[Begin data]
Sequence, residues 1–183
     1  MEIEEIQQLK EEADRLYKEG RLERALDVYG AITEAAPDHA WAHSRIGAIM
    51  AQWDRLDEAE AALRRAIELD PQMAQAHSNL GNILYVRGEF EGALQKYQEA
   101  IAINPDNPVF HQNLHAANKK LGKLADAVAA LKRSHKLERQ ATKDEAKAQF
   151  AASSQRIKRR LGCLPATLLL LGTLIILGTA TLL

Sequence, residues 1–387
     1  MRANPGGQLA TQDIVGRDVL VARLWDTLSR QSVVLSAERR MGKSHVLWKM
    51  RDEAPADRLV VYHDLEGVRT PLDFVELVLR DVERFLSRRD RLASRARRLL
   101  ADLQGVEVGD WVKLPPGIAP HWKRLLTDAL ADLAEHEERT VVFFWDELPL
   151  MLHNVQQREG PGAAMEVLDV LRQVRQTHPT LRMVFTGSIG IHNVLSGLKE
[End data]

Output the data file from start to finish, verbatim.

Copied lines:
Sequence, residues 1–183
     1  MEIEEIQQLK EEADRLYKEG RLERALDVYG AITEAAPDHA WAHSRIGAIM
    51  AQWDRLDEAE AALRRAIELD PQMAQAHSNL GNILYVRGEF EGALQKYQEA
   101  IAINPDNPVF HQNLHAANKK LGKLADAVAA LKRSHKLERQ ATKDEAKAQF
   151  AASSQRIKRR LGCLPATLLL LGTLIILGTA TLL

Sequence, residues 1–387
     1  MRANPGGQLA TQDIVGRDVL VARLWDTLSR QSVVLSAERR MGKSHVLWKM
    51  RDEAPADRLV VYHDLEGVRT PLDFVELVLR DVERFLSRRD RLASRARRLL
   101  ADLQGVEVGD WVKLPPGIAP HWKRLLTDAL ADLAEHEERT VVFFWDELPL
   151  MLHNVQQREG PGAAMEVLDV LRQVRQTHPT LRMVFTGSIG IHNVLSGLKE